What a waste of time.

Joe Gallegos said...

While I think that US Customs agent guy was an a-hole, he was not entirely incorrect as your link pointed out. Indeed, King County does require helmets. That county includes Seattle. He was wrong about it being a state law, but not about it being a law in Seattle.

Having said that, I disagree with the whole mandatory helmet law thing. I live in Portland, Oregon and I really never wear a helmet except when I go to Vancouver, Washington where the law compels me to.

I've had many issues crossing that border. While driving into Canada in Blaine, Washington at the I-5/BC-99 crossing I was held and questioned for over an hour by the Canadian Border Services Agency because I had a cigarette lighter sitting on the passenger seat of my car. It was not that unlike the line of questioning mentioned in the post. I was questioned because my cigarette lighter could be used for illegal activities such as drugs. I think they suspected that the presence of a cigarette lighter with no cigarettes meant that I was smuggling drugs or something.

We've entered a brave new post-9/11 world of paranoia. EVERYONE is now a suspect.

Anonymous said...

I drive and take the train between the U.S. and Canada via New York occasionally. The border police are consistently abusive and obnoxious.

Andy Seger said...

Y'know I bought an obnoxiously American helmet just to irritate the border patrol. (http://www.nutcasehelmets.com/collections/street/gen2/stars-stripes)

Glenn said...

There's no state law in Washington, or national law in the U.S. on bike helmets. In my county (Jefferson) bike helmets are not required. In the nearby city of Port Townsend they were for a while, but that law has been repealed.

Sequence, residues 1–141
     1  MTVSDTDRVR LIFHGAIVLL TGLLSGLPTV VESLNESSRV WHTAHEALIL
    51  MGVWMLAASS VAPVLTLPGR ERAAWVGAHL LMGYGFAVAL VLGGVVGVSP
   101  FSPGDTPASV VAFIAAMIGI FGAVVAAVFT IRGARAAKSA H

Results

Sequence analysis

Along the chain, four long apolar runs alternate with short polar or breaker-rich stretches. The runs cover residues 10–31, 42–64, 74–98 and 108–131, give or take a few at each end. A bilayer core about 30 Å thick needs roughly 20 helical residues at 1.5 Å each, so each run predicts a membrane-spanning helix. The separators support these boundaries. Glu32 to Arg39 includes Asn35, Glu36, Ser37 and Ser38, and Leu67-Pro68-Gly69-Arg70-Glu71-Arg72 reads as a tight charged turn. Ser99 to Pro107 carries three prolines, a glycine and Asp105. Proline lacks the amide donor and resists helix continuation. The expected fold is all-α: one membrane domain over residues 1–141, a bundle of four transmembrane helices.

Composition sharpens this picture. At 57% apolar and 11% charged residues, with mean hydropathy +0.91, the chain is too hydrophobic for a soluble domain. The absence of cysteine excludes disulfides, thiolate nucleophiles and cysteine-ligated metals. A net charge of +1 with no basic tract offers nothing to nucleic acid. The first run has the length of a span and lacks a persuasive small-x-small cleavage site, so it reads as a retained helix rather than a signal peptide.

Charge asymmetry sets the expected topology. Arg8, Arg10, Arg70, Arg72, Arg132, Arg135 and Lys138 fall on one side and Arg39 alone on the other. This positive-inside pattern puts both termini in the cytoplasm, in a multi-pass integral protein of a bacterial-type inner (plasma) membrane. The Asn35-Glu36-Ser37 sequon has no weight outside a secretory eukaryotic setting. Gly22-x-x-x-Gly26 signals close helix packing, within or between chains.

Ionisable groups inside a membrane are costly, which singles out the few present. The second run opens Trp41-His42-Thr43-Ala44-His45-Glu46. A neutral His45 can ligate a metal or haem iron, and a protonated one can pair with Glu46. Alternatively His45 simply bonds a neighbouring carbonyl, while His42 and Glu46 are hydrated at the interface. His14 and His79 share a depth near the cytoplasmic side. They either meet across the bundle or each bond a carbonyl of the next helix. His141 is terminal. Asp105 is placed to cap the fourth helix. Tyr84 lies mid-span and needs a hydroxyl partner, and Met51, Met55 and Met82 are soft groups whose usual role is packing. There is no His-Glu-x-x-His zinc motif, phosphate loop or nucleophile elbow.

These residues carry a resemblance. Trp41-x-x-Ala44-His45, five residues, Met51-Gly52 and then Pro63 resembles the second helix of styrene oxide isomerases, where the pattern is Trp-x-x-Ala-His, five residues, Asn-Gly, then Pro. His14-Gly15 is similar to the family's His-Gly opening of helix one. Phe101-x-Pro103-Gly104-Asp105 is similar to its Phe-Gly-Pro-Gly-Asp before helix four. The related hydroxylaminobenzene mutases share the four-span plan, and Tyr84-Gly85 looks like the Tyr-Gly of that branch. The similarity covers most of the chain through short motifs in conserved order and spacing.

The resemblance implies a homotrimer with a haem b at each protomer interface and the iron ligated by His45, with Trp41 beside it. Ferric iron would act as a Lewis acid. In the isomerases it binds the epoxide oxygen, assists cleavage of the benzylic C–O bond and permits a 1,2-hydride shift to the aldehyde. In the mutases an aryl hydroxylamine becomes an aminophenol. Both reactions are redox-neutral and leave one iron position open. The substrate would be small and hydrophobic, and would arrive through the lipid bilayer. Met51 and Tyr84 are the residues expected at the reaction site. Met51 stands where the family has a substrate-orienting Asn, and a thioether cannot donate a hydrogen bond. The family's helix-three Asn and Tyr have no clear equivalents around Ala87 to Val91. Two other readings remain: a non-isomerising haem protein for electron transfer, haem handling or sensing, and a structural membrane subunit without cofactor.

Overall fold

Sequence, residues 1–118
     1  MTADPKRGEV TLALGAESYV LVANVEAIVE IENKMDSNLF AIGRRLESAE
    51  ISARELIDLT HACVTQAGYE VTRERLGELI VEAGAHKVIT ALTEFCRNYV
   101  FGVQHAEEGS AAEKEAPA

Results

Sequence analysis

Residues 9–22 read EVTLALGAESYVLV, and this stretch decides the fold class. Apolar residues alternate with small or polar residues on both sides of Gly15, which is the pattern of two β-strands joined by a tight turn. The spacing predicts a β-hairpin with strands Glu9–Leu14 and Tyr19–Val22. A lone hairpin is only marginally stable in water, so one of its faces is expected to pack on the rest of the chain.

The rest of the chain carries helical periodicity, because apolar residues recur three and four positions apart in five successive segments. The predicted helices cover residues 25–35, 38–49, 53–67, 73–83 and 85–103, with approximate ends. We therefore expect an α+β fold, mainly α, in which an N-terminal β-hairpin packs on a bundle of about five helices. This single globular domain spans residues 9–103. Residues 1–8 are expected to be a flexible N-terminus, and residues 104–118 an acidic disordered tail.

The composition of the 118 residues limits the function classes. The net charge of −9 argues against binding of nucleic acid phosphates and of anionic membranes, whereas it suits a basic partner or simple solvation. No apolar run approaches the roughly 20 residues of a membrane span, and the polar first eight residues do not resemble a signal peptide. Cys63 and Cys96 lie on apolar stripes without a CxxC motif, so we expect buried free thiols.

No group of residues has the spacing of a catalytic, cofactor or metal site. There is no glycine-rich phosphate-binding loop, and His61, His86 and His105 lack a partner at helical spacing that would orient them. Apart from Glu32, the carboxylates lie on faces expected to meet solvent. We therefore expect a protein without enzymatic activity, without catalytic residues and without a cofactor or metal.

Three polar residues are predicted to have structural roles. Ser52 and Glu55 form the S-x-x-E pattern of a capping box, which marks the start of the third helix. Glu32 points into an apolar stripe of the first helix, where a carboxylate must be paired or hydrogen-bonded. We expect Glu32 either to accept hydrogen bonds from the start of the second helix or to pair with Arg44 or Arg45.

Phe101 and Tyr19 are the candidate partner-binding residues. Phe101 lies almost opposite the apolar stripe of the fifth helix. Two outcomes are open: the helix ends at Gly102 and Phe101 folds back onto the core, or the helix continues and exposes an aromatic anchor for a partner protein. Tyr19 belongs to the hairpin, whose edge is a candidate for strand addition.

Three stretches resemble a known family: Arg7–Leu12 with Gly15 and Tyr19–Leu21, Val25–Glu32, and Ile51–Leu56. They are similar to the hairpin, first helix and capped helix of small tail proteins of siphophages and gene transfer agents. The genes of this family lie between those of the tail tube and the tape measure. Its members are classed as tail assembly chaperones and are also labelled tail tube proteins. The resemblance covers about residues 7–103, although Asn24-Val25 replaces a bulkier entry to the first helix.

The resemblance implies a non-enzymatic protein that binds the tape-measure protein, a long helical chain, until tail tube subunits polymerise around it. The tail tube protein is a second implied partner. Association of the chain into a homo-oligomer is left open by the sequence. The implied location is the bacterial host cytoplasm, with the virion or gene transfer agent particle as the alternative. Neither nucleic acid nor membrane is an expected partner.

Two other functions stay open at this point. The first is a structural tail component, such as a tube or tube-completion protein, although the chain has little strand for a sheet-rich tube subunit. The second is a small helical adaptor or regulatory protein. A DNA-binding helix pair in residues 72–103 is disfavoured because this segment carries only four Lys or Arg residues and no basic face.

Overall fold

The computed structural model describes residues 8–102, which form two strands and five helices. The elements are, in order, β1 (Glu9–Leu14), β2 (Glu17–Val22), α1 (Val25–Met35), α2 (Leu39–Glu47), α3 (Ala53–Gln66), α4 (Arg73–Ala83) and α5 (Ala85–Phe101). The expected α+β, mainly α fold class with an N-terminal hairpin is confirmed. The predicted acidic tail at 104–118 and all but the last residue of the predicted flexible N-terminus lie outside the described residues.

The border agent was being a jerk. The last time I crossed from Victoria to Port Angeles on the ferry the border guard in P.A. got upset because I put my hands in my pockets "where she couldn't see them". As though any sane person would attack an officer in the presence of several other officers and a large crowd of people. Against an insane person of course, there is no defense at all. Clearly our U.S. federal law enforcement types are getting out of hand. Between the Patriot Act, the recent Senate law declaring the "homeland" (where are we, the 3rd reich?) part of the battle field and U.S. citizens eligible for indefinite detainment or execution without charge, we are now a de facto police state. I'd like the U.N. to intervene.

S. Morris Rose said...
This comment has been removed by the author.
Steven Vance said...

Chicago is just following Salt Lake City's "lead" with the pedestrian crossing flags.

Ugh, I don't like that. That's like waving at car drivers and saying, "Hey, mister, can you please stop so I can cross? Oh, you don't want to. That's okay, keep driving, I'll wait till there's a gap".

No, people should be able to safely cross without the aid of orange plastic, crossing guards, or other unnecessary accoutrements.

Charlie said...

A- The US Border patrol can suck it. They're asshats who live to torment. I am in no way on the side of the guy who harrassed this person coming into our country.
B-So I live here in Seattle, ride my bike all the time and have to wonder, as I often do, at the huge number of people who are so anti-helmet. Not anti-helmet laws, but anti-helmets.
What gives people? Do you honestly think that if you're riding on a bike trail or in a bike lane you don't need a helmet? If you choose not to wear one, that's your business and I don't think that there should be a law to wear them, but I just don't get the thinking that there is no need to wear a helmet.
I was riding to work one day. As I crossed a set of railroad tracks I was riding very slowly (as I always do there). Somehow, that time, I fell. I went down so hard that I separated my shoulder. The first thing I remember after riding my bike is sitting on the sidewalk (I was riding in the street) half a block away from the tracks with my phone in my hand trying to figure out who to call. I have no idea how I got there. I was wearing a helmet. Had I not been wearing a helmet, I would be a vegetable today.

So please, tell me, why is the idea of wearing a helmet such an affront to you?

Andy Seger said...
This comment has been removed by the author.